ALEC Room shows Positive Impact on Students and Faculty

The University of Central Missouri designed the Active Learning Engagement Classroom in the fall of 2017 at the James C. Kirkpatrick Library. It enables faculty to engage with innovative teaching technologies in a classroom environment.

The ALEC room was designed for using different collaborative learning techniques and includes three 55-inch active learning displays, an integrated room controller, a wireless display pod and a main instructional display.

Mike Jeffries, innovation and academic technology specialist, compiled research of active learning with his wife, Chalice Jeffries, and gave a presentation at the Teaching Professor Conference in New Orleans, Louisiana in the summer of 2019. They did their presentation on the perceptions of teachers and students using the ALEC room.

“We found that any time you develop a space that encourages student engagement, learning itself and retention increases,” Mike Jeffries said.

He said ALEC was developed not just to have a classroom to use, but to have a classroom to demonstrate what an engaged classroom might look like.

“It will benefit the students if UCM takes note of what these findings are and devotes resources to improve learning spaces across campus,” he said.

Mike Jeffries said studies have shown if that action is taken it will not only benefit the student, but it benefits instructors because their comfort level and engagement with students rises.

Robert Hallis, library professor at James C. Kirkpatrick Library, teaches history of popular music and said the ALEC room has been “an absolute wonder” because they’re working with popular music and students are able to display music on the monitors.

“You don’t talk about music; you experience it,” Hallis said. “They can display their choice of music and can compare versions of performances simultaneously instead of one at a time.”

Hallis teaches the same course in a regular classroom and in the ALEC room and said the ALEC room makes class time more effective. Hallis also said he finds the juxtaposition between non-ALEC rooms and ALEC rooms fascinating.

“Once students get over the ‘deer-in-the-headlight’ phase about everyone being able to see their work, they’re a lot more involved in their learning.” Hallis said. “Twenty-first century teaching involves problem solving and memorizing. In here, the students are able to express what they know and love.”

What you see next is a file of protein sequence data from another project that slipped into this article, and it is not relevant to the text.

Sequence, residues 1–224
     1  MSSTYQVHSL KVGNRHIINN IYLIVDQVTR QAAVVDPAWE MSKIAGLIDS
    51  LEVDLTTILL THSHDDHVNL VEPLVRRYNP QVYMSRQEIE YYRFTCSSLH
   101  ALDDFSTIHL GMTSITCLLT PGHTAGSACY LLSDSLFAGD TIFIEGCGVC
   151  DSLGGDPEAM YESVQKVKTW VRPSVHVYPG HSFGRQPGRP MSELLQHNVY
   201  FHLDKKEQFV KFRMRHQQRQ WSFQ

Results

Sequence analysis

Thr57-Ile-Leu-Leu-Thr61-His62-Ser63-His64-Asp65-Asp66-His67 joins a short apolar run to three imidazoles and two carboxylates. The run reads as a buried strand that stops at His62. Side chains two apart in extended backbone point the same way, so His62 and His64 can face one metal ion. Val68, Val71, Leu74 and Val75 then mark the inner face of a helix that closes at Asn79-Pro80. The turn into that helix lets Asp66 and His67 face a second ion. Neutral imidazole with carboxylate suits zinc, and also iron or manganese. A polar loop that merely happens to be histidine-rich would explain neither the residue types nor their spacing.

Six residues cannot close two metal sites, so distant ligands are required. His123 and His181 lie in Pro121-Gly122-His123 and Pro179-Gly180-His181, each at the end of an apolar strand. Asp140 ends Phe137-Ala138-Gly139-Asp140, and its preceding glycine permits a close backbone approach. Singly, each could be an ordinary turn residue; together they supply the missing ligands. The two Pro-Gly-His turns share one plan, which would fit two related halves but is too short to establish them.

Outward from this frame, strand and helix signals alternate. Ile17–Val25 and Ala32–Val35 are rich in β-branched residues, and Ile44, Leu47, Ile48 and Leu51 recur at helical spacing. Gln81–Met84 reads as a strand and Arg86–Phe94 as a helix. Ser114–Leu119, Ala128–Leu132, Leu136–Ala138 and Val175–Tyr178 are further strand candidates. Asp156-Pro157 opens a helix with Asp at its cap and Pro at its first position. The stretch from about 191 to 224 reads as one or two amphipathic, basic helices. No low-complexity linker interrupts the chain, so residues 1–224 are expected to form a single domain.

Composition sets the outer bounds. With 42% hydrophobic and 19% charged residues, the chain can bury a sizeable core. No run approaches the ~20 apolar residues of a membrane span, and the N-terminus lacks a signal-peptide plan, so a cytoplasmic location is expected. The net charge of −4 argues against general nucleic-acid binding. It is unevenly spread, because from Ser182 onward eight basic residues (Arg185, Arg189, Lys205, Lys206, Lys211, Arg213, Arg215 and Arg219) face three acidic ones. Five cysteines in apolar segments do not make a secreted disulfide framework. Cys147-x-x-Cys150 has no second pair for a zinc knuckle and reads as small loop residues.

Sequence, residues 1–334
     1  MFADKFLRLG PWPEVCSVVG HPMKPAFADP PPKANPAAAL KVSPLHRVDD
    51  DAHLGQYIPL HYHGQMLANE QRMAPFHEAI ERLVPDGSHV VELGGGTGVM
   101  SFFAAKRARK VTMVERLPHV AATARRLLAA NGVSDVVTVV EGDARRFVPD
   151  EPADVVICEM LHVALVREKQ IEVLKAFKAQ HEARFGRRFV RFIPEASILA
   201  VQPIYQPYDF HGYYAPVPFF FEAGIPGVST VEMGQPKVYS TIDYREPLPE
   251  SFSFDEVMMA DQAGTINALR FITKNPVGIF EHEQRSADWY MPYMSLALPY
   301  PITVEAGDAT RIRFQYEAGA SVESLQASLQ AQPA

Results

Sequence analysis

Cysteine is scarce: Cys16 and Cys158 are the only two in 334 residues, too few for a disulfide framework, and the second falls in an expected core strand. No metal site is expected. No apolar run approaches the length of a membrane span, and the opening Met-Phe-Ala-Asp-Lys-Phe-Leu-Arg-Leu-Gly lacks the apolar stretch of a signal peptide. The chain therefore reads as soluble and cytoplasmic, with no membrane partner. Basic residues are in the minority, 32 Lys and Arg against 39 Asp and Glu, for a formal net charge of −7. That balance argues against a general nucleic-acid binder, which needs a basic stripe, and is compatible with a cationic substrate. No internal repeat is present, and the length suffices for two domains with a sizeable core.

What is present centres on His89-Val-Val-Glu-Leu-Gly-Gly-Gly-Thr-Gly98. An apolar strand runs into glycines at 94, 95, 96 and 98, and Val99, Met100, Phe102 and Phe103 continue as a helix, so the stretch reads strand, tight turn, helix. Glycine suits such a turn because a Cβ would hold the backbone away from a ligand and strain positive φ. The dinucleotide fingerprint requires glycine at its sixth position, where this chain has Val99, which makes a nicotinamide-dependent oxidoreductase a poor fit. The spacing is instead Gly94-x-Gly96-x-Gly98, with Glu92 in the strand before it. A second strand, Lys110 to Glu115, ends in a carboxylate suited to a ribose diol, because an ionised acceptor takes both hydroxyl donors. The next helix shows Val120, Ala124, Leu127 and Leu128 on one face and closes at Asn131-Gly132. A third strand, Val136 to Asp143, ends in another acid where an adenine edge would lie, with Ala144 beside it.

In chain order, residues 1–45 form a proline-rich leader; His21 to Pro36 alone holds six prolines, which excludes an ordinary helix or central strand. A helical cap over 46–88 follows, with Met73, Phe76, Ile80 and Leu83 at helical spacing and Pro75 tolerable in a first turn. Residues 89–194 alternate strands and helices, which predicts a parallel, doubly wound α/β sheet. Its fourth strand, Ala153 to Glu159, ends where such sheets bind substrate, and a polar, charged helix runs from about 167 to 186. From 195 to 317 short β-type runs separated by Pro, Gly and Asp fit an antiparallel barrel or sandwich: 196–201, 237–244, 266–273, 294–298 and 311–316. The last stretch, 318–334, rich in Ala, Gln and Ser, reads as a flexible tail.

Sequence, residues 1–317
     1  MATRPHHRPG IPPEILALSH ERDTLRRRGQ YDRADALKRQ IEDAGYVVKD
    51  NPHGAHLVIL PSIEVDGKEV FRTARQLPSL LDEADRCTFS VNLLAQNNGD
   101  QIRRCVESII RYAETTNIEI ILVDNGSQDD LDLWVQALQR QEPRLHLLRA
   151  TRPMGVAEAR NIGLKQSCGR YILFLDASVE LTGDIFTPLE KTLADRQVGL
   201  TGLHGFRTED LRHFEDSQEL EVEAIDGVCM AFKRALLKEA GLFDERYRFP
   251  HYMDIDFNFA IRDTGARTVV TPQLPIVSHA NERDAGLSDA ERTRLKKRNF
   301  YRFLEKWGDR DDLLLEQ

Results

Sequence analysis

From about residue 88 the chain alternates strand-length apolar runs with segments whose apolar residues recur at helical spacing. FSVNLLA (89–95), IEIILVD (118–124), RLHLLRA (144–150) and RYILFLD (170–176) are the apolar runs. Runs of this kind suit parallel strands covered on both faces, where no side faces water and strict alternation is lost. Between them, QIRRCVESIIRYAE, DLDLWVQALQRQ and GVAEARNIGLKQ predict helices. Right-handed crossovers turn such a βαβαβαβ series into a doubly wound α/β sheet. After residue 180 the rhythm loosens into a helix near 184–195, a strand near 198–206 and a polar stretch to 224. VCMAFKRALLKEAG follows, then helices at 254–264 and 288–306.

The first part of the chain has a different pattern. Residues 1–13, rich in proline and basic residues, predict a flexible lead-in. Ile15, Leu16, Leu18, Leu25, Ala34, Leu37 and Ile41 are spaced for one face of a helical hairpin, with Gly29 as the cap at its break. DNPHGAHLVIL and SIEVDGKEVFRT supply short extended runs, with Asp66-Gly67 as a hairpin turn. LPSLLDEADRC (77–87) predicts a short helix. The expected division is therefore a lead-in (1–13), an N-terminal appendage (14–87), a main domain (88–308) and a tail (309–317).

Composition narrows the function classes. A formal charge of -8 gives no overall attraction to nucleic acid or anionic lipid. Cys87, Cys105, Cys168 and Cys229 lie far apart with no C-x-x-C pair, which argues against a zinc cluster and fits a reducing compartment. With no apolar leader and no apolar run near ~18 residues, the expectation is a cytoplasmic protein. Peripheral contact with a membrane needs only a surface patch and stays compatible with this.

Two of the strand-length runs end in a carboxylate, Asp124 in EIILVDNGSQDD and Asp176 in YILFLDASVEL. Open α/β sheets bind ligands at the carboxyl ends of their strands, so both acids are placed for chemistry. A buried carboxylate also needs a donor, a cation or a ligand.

From an instructor’s perspective, Hallis said he finds it astounding to combine such collaborative learning in one environment. He said he believes the ALEC room prepares students for the 21st century workforce and challenges them to think instead of memorizing things.

According to a Qualitative Analysis of ALEC Perceptions done by Jenni Hayes, Taylor Kinde, Julie Lewis, and Elmer Ragus, the researchers wished to uncover themes from participants’ own voices and perceptions to determine what students and faculty thought about ALEC and to make recommendations for improvement. They received positive feedback in a Combined Student/Faculty Survey Data for all semesters starting at fall 2017.

When asked if given the opportunity would the student take another class in the ALEC room, 85 percent of the students marked yes. There was even positive feedback like,“It was easier to communicate with teachers and classmates” and “It was nice that we could sit wherever we wanted and could still see a display. I hate when classrooms are so structured. This was more conducive to how different people learn.”

The ALEC experience was overwhelmingly viewed as positive by both faculty and students compared to a traditional classroom. Due to the possibilities, the ALEC was perceived as a step in the right direction and is the first of its kind at the University of Central Missouri.

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